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Can You Guess What Climate Deniers Said of the IPCC 20 Years Ago?

The DeSmog UK epic history series recalls how the war between the climate sceptics and the IPCC heated up as they tried to cast doubt over the science.

The climate sceptics were ever ready to attack the UN Intergovernmental Panel on Climate Change (IPCC) following its second report, released in 1995. They well understood the political dangers that confronted them.

Frederick Seitz, (pictured) then chairman of the Science and Environmental Policy Project (SEPP) – which argues against the existence of climate change – demanded that IPCC chairman Bert Bolin draft a statement immediately saying that the IPCC had “not been able to quantify the magnitude of the greenhouse gas”; he even took the extra step of drafting the proposed letter, ready for Bolin to sign.

Fri, 2015-03-13 13:31Kevin Grandia
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Tobacco Gun for Hire James Enstrom, Willie Soon and the Climate Deniers Attack on Merchants of Doubt

James Enstrom

This article was co-written by Dan Zegart, author of Civil Warriors, the legal siege on the tobacco industry.

A leaked email chain reported earlier this week on DeSmog shines a harsh light on the behind-the-scenes coordination between well-known climate deniers and fossil fuel funded spindoctors. 

But it turns out that there is much more to this story than just climate change, and we find ourselves once again reaching back into the rich history of scientists paid by tobacco companies to conduct research bringing into question the links between cigarette smoke and cancer. 

The October 2014 email discussion, led by infamous climate denier Fred Singerasks whether it would make sense to file a lawsuit to try and stop the release of the new feature length documentary, Merchants of Doubt – a film tracing the tactics used by Big Tobacco to spread misinformation and how those same tactics are now being used by those attacking climate change science and the 97% consensus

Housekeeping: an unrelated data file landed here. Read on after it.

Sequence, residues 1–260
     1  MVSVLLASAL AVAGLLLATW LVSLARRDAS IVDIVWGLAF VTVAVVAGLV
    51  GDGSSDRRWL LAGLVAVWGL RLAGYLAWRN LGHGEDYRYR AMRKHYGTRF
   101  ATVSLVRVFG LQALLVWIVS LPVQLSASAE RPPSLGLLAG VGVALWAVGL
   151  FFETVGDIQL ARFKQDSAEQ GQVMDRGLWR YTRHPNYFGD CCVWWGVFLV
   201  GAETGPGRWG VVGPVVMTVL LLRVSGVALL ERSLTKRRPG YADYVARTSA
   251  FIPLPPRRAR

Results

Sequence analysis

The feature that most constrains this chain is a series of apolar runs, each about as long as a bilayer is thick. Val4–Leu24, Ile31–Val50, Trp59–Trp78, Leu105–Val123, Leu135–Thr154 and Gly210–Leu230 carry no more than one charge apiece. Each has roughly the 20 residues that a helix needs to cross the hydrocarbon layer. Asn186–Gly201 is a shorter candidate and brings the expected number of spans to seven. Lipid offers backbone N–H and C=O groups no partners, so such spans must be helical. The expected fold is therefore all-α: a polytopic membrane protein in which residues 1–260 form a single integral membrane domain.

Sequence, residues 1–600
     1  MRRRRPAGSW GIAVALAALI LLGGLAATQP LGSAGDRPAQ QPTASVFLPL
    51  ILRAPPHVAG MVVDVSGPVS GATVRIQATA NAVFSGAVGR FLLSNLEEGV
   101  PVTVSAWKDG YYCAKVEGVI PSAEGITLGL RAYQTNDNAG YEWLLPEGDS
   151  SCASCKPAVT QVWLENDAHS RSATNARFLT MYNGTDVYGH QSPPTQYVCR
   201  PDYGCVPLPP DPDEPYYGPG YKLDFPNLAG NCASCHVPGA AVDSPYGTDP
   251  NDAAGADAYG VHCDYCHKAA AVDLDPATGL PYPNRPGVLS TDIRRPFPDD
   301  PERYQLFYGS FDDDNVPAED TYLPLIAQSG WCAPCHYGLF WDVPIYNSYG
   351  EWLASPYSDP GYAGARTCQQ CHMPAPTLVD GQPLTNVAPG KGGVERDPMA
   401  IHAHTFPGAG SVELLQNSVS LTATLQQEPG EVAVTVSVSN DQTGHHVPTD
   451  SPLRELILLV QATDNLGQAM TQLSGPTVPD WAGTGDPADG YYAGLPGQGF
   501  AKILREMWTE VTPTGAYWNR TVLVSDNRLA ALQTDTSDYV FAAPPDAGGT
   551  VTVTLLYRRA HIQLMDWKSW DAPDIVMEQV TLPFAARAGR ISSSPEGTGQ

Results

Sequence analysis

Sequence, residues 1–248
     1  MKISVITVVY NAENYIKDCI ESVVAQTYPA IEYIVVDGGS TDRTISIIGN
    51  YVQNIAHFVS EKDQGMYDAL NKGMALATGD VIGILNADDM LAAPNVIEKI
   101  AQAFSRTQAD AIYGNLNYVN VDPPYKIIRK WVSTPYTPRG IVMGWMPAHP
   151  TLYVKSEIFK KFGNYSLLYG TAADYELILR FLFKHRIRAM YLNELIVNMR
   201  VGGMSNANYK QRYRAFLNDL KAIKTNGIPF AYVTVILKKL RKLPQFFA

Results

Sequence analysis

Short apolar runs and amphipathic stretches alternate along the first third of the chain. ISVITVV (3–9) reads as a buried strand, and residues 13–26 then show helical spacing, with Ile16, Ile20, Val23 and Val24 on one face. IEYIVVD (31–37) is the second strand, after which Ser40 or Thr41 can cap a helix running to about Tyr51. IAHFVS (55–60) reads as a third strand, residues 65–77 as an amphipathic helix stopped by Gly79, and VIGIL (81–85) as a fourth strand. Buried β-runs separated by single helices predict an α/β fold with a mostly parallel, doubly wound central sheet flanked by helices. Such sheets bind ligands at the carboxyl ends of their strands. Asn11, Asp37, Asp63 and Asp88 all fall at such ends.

As an expert-for-hire who has taken money from both Big Tobacco and fossil fuel companies over the span of his career, S. Fred Singer is a major focal point in Merchants of Doubt.

But where the really interesting story lies, is in two of the recipients of the Singer email who share an uncannily similar history.

Fri, 2015-03-13 00:01Guest
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Fracking Firm IGas Refuses Further Investigation into Possible Site Contamination

Barton Moss fracking company IGas has hit the headlines this week as it stopped further investigation into possible contamination claims, writes Ben Lucas, MA Investigative Journalist at City University, London. At the same time, the company has agreed a £30m deal with INEOS for access to its other shale gas sites.

An environmental expert has been stopped by fracking firm IGas and landowners Peel Holdings from further investigating possible chemical contamination at the company’s Barton Moss drilling plant, the Manchester Magistrates Court heard recently.

Dr Aiden Foley of EGG Consultants presented a report to the court showing “dangerously high” levels of contamination near the perimeter fence of the test drilling site in Eccles, Salford.